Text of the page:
It means feeling like you don't belong and you're not wanted, that is, unwelcomed and intrusive.

When you're not familiar with campus culture or prepared for campus life, it often feels like you don't belong because you don't see yourself and your community represented or validated. When you don't see people who look like you or who have shared similar experiences, you feel like an unwelcomed guest. I recall often feeling like I wanted the wall to swallow me or to find a place to hide where no one would see me because, in my mind, I stood out like a sore thumb. Not knowing how to cope with such a foreign environment or how to make it work for me put me at a disadvantage emotionally and personally and, eventually, academically.

It means facing many, many challenges.  However...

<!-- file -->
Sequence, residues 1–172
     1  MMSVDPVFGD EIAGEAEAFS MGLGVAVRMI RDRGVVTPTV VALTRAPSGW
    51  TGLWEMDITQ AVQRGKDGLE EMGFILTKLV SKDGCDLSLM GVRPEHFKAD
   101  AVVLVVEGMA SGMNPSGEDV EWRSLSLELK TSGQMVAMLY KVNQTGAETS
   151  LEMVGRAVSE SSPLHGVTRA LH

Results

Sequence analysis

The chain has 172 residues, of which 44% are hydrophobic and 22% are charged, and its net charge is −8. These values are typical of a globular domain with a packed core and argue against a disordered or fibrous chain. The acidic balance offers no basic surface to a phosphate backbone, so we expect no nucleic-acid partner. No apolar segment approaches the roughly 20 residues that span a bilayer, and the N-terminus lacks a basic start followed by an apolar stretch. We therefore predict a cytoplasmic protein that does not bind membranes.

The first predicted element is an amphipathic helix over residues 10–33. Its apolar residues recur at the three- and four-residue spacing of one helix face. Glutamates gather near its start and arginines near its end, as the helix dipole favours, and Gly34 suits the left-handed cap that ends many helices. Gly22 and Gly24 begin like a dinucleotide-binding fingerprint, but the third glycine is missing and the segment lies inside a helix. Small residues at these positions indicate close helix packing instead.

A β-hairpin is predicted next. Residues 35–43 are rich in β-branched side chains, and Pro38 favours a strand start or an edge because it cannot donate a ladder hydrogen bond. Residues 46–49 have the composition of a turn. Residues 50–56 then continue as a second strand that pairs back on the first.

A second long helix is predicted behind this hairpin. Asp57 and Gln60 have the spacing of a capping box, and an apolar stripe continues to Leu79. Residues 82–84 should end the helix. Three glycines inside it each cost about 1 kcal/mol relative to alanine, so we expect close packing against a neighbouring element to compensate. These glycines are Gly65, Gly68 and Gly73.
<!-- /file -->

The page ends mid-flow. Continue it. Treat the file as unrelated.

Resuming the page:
With the guidance of peer counselors, tutors, and, later, close friends as well as supportive professors, I have to admit, through many bumps and bruises along the way, I figured out the essentials in navigating undergraduate life. I learned that it takes perseverance, drive, and single-minded focus as well as a thick skin. I also learned that finding a niche—a campus club, organization, or activity—was key to my success and feeling like I belonged. For me, that proved to be crew or rowing, which I had the opportunity to carry out for four years at UCLA. Those were the best days of my undergraduate studies, meeting outstanding women (who became my best friends and mentors) and pushing beyond my limits. I took those lessons and never looked back.

Miroslava Chavez-Garcia
Professor, Department of History
UC Santa Barbara